By Jack Delisio
I was born and raised in Cincinnati and even went to college in my hometown as well. I decided to stay in Cincinnati for VVC mainly because I have an incredible family and community of support here already and I felt I was not ready to leave that behind for a different city. That being said, once I decided to do VVC, I was nervous about not having much left to learn about my hometown and the issues that people face here every day while experiencing poverty and other forms of oppression. I had even participated in an immersion retreat during college in Cincinnati focused on urban education, gentrification, and the Over-the-Rhine neighborhood. “What more could I possibly have to learn?” I thought. I feared that VVC would be a repeat of my previous experiences, presenting new material to those not from here but the same old stuff to me.
However, that has definitely not been the case. I have already learned so much and I expect to learn more and more as my year with VVC continues.
This year is unique to the previous parts of my life in Cincinnati, and gives me a new perspective from which to see my hometown and its people, because I am now an adult, out of school, and living intentionally in the West End community. I grew up in Westwood and lived in Norwood/Evanston while a student at Xavier University. These neighborhoods are both fairly ethnically and economically diverse, but my experiences there differ from this year. Now that I am an adult and out of school, my parents are no longer there to avert my eyes from suffering, my classroom walls are no longer there to “protect” and isolate me from my surrounding community, and the multitude of distractions available on a college campus are no longer at my fingertips.
This year, my neighborhood is my classroom and my neighbors my professors. For this whole year, I get the opportunity to be a student of the West End, learning from real people about their real lives and real stories. VVC offers me the chance to have a much more intimate, personal, and real-life encounter with my neighbors here in the West End and build relationships with these people, the vast majority of whom experience poverty and other forms of oppression. Walking around the neighborhood and to and from work every day, I cannot ignore or escape seeing the realities of people suffering in poverty and discrimination. And when I get home, I am not isolated and distant from my neighbors but I remain connected to them, because I have chosen to live counter-culturally and live in solidarity with my neighbors. I have chosen this year to live not just according to what I want and what makes me comfortable, but to live intentionally more in accordance with what my neighbors and I both need.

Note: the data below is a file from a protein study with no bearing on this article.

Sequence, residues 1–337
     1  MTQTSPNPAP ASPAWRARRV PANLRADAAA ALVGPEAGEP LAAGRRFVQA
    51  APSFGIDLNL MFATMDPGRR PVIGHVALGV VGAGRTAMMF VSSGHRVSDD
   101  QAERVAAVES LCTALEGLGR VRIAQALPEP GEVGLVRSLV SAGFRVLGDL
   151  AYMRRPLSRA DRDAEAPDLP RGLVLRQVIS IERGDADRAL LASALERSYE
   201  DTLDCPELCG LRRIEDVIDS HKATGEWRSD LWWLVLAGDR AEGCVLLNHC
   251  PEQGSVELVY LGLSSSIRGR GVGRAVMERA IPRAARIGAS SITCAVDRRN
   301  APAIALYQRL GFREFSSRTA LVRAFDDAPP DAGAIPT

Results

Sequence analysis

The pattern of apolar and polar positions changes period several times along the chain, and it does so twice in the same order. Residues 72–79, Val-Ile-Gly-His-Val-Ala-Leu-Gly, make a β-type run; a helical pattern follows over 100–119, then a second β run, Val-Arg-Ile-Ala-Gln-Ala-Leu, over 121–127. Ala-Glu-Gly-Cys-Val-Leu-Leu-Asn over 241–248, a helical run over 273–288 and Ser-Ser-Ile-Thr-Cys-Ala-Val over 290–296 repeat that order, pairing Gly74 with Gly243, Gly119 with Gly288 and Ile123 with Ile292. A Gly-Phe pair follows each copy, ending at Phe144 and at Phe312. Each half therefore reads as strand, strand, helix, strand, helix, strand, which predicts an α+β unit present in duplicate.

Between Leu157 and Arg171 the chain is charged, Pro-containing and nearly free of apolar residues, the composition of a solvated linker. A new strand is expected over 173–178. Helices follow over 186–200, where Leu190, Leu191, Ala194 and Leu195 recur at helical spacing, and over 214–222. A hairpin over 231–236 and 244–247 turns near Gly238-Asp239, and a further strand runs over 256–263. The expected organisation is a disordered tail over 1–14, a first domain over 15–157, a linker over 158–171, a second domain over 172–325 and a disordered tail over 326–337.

And there is SO MUCH to learn from the West End community. There is a great deal of important history and social justice issues to learn about just as they affect this small neighborhood. And there is even more to learn from becoming an intentional and active part of the West End, which VVC has given me the opportunity to do. By going to the same gym, attending the same community events, and walking the same streets as my neighbors, I receive a more in-depth, complex, and intimate relationship with my fellow West End residents. I can more clearly and personally see the dignity, potential, and gifts of my neighbors and the ability of communities to heal themselves. I can also see more clearly how big picture changes to the neighborhood, funding allocations, and city plans affect my neighbors, because they affect me, too. Through these experiences, I learn more and more every day that, regardless of whether or not someone is experiencing poverty or another form of oppression, I am completely and utterly equal to my neighbor. We do not always have the same life experiences, but we are surely equal in our value and dignity, because we live next door to one another.
These are choices that I have never made before. I am living a lifestyle I have never lived before. I am living in a neighborhood where I have never lived before. And because of all of that, I have a new perspective that I have never had before and I am constantly learning.
About the Author:
Jack Delisio is a Cincinnati native who loves Skyline Chili, the Reds, and goetta. Jack thrives on making connections with people, using weird voices, and learning from different people and cultures. On a given day, you can find Jack educating retreatants on issues of social justice as the Ozanam Center Coordinator, making curry, journaling, or going on adventures in the West End.